The aim of this paper is to examine which of the assets commonly believed to be safe havens do, in fact, protect investors during periods of severe financial instability. Using a broad dataset of 32 assets over the period of 1964–2014, we examine the relationship of these assets with the US equity market during financial crises to determine which of them are safe havens for US investors, hedges, or speculations. We find that the US Treasuries and Japanese yen are the strongest safe haven investments in months characterized by large declines in market value or excessive volatility. We also document that the recent global financial crisis had significantly negative ramifications on the safe haven properties of many of these assets. Our out-of-sample analyses show that while, in general, predictive market exposures are negatively correlated with asset returns in strong market downturns, those of even the strongest safe haven assets are often statistically insignificant.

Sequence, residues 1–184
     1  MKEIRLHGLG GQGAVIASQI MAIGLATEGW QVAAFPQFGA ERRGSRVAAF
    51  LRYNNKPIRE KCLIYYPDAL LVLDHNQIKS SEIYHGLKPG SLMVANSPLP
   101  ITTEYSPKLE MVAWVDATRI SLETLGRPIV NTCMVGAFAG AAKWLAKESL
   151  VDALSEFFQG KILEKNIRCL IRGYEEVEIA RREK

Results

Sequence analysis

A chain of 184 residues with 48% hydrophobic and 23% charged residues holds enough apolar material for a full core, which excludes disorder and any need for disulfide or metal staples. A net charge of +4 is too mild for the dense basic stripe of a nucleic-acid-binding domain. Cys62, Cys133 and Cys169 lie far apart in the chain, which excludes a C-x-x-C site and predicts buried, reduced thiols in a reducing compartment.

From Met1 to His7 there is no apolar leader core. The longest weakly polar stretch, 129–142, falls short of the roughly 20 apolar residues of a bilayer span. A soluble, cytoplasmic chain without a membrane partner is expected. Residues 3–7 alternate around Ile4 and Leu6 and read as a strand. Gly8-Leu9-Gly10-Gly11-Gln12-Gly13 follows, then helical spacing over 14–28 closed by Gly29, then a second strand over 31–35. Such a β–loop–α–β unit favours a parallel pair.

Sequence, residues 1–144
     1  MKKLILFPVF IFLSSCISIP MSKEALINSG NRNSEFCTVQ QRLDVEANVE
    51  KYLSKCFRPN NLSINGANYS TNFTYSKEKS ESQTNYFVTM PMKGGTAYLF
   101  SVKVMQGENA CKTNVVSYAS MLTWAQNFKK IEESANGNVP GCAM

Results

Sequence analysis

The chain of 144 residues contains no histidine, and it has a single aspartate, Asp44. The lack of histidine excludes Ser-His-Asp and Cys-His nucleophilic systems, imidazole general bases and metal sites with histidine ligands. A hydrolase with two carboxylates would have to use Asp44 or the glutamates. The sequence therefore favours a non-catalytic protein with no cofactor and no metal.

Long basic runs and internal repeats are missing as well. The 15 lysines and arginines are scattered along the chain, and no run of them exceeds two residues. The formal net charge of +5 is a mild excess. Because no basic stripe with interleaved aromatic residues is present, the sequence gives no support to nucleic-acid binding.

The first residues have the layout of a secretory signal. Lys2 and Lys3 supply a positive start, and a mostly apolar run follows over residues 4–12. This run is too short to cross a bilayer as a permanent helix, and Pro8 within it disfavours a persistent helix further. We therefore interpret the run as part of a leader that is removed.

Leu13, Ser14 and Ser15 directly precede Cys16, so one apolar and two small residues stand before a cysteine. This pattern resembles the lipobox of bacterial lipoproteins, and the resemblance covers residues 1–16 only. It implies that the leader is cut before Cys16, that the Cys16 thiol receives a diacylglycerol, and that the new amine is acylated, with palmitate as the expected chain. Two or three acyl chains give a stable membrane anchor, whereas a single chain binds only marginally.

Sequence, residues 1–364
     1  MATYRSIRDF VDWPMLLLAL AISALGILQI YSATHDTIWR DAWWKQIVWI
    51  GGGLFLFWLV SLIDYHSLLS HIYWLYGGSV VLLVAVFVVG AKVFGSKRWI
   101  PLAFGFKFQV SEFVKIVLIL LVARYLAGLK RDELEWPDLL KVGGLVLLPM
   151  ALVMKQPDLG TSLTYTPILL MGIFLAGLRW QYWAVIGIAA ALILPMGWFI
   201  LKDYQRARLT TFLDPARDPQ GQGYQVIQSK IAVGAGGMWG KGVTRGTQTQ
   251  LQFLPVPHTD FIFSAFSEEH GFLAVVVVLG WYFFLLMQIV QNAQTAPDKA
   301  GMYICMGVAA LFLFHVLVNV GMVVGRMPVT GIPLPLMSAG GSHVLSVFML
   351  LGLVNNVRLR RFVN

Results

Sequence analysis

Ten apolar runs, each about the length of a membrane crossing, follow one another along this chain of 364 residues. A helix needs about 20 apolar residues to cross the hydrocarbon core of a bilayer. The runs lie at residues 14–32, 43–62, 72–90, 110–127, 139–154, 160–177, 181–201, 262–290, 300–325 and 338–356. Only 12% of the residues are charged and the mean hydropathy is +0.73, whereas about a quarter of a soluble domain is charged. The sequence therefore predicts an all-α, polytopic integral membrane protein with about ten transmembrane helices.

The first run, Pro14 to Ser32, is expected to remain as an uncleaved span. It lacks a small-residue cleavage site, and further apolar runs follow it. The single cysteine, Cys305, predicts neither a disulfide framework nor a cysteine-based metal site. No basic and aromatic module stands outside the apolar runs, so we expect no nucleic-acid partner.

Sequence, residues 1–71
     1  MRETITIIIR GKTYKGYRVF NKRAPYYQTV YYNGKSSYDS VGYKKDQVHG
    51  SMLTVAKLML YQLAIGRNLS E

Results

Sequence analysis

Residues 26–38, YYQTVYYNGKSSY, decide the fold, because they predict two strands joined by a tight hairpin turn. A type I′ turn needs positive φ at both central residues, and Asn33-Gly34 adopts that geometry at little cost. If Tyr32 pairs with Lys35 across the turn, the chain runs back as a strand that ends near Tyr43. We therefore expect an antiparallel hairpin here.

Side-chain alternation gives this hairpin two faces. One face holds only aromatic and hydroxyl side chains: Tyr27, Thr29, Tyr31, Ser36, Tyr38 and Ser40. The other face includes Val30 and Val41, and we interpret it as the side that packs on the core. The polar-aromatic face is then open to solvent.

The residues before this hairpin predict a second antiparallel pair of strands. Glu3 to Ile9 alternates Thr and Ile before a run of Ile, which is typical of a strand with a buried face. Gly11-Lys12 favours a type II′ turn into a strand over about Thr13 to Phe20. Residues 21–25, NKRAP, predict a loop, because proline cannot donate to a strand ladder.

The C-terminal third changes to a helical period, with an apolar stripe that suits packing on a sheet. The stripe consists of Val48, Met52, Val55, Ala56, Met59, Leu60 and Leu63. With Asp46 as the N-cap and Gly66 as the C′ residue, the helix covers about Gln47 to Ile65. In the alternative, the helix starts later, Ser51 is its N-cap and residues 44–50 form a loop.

Safe haven assets Global financial crisis Return correlation
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The initial version of the paper was Kopyl’s Honours dissertation at the University of Auckland, which was completed prior to her employment by the Reserve Bank of Australia. The views expressed in this paper are solely those of the authors and not necessarily those of the Reserve Bank of Australia. This paper benefited substantially from the comments and suggestions of the anonymous referee.
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